Tick, Tock, Is That My Biological Clock?
If you happen to hear someone saying “my biological clock is ticking” what exactly do they mean? Really, it is just a women desperate to have a baby before she runs out of time (biologically). This metaphor is used to show the sense of urgency and emotional hurry to have a baby, as the process of conception and child birth does have a biological time limit. Having a baby (or many babies) is life’s goal for many women, and this should be achieved before menopause sets in or ideally before biological risk factors increase.
A woman may feel their biological clock ticking in her late 20′s to mid 30′s, depending on the individual circumstances of her life. If they haven’t already then it is very important for any woman to conceive from her mid 20′s to late 30′s, because beyond this age, risk factors increase. It’s not only women who have their fertility affected by age, male fertility starts to wane after a certain age. According to doctors, Women can conceive easily and have a fertile window between the age of 19-39.
The number of biologically aged mothers is increasing rapidly, there are now many middle aged first time mothers in their mid 30′s who delayed motherhood for a long time. There are several reasons behind delayed motherhood, typically the tendency and drive to climb the corporate ladder or travel are big factors in delayed motherhood for many women. In general over the years women have become significantly more career driven, holding and owning significant jobs or businesses. Roles which are all encompassing of their lives, and don’t lend themselves kindly to motherhood. Unfortunately though, a women’s biological clock keeps ticking and ticking, it does not stop for anything regardless of how important one’s job is.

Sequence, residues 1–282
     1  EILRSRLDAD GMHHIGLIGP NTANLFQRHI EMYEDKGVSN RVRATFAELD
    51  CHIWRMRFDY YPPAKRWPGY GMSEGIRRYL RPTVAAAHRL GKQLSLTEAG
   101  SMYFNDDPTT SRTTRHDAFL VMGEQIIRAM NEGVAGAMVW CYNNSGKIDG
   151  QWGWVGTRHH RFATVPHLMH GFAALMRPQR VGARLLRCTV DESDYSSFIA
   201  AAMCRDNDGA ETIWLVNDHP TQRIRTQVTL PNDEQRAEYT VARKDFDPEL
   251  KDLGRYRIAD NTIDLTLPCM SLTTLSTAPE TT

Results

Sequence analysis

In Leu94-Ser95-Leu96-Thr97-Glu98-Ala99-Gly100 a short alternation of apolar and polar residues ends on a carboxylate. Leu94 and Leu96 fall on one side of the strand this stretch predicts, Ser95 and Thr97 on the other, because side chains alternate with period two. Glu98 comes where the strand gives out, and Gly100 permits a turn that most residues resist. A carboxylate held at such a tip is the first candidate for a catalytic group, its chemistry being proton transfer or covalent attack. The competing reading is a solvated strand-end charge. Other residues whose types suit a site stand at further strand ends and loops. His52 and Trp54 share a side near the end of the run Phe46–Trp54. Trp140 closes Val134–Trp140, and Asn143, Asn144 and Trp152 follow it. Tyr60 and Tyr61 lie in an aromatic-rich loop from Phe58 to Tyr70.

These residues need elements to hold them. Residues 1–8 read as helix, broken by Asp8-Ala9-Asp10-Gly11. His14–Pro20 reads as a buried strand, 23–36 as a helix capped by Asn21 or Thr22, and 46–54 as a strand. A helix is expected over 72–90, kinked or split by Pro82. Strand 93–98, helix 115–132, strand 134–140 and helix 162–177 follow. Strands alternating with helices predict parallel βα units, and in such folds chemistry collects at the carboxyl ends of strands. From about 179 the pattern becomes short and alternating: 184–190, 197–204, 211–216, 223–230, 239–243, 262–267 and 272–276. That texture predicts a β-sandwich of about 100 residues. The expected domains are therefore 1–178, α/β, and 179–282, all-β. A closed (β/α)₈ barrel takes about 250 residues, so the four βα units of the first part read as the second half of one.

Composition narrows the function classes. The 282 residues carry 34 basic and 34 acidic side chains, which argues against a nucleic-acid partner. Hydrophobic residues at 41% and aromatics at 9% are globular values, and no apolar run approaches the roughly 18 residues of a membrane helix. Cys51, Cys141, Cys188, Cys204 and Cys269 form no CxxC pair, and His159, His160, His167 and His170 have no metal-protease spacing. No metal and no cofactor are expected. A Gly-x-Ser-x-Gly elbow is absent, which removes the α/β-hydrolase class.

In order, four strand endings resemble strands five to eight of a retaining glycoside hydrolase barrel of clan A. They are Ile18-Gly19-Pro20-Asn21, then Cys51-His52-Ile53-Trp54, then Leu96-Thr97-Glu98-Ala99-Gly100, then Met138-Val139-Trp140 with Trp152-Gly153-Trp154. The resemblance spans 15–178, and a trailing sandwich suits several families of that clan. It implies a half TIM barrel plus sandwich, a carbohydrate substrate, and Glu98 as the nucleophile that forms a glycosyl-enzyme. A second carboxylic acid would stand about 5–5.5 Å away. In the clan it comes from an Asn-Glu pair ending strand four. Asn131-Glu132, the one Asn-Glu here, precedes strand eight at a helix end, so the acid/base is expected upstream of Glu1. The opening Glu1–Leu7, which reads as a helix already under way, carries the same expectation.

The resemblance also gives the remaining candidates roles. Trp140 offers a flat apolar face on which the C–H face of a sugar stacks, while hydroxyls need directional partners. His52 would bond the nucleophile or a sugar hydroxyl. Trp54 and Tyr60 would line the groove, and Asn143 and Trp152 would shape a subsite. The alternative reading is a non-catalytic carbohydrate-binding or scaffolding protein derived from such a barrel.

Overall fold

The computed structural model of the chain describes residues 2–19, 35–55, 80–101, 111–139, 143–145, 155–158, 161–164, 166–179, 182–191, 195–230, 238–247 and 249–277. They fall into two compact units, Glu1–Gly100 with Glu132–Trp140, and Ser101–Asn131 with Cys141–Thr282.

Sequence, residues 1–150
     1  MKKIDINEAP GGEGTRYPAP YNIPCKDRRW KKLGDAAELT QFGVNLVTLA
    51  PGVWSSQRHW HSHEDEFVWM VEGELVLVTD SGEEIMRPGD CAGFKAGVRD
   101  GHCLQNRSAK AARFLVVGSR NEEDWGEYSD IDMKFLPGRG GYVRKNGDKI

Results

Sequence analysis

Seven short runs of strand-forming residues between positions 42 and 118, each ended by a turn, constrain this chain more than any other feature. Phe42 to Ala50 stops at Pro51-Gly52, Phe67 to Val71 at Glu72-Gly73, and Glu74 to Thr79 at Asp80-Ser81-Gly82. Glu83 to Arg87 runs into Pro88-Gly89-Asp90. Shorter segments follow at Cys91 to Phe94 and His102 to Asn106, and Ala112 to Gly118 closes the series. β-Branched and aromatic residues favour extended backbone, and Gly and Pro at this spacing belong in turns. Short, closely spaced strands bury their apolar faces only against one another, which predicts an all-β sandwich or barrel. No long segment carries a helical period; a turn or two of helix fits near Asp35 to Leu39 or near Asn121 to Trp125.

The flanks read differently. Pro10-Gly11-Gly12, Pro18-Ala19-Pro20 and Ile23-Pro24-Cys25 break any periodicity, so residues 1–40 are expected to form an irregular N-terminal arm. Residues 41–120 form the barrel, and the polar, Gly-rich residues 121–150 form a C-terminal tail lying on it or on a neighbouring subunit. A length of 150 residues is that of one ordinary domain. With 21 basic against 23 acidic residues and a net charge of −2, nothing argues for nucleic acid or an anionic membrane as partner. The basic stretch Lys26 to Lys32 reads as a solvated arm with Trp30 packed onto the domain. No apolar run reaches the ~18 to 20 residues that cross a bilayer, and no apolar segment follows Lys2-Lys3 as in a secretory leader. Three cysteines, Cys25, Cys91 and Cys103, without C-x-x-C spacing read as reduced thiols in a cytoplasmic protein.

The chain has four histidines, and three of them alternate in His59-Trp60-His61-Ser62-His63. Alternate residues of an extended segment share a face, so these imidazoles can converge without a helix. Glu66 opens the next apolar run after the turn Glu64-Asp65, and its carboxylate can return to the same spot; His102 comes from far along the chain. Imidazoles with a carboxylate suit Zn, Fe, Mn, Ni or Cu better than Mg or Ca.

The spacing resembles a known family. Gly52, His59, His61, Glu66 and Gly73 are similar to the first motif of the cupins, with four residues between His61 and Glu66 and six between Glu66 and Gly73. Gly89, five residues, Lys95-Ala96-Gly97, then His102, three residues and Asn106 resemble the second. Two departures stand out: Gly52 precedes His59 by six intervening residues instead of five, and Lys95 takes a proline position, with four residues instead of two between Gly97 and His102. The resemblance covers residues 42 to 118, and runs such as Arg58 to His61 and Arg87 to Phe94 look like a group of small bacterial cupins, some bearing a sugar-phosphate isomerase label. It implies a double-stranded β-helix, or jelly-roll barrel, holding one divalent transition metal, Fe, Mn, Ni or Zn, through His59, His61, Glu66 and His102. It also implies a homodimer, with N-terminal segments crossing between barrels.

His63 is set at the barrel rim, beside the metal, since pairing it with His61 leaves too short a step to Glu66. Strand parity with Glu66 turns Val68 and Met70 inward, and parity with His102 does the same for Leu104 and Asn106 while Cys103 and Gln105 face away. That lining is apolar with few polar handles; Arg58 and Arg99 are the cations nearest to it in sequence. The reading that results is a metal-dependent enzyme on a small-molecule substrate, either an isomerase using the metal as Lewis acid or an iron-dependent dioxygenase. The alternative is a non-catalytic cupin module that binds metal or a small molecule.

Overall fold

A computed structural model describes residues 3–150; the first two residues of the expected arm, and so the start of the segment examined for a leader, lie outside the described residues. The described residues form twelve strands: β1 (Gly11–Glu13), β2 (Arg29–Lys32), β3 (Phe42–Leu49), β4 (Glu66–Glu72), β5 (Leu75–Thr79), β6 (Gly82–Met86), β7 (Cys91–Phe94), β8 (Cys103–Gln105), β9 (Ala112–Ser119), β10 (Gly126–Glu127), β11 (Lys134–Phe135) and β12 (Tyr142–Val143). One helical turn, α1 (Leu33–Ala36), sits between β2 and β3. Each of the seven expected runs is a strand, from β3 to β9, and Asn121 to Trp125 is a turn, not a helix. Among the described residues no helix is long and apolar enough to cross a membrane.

A woman whose biological clock is ticking, may experience anxiety and unknown pressure from within. If your biological clock is ticking, do not delay too long, where conceiving later in life can come with higher risk factors for both you and your baby, and conception may even become difficult or unlikely. However do not panic, consider several factors.
- Get to know your family medical history, the length of fertility depends on your family history to a great extent. Getting it checked, will help you know up to what age it is likely you can conceive.
- Do not believe in news you have heard about women having kids in their late 40′s or early 50′s. Although true, this is the exception not the rule, and it is possible this pregnancy may have involved using donor eggs which can be expensive.
- For women or couples having difficulty conceiving there is always IVF (again if you can afford it), this method of conception can help women of all ages including women in their late 30′s or early 40′s. However, one cannot be sure of conceiving with the procedure after the age of 45.
- Collect the facts, make an appointment to speak to your doctor about your fertility period (and how many ‘good’ years you have left). Your doctor can run some tests to give you some more specific information to help you make the right decision regarding the right time and if any urgency is required regrading acting on that ticking clock of yours.
NOTE: The information given here on “Help! My Biological Clock Is Ticking” is meant as a guide only and does not replace professional medical advice and information.
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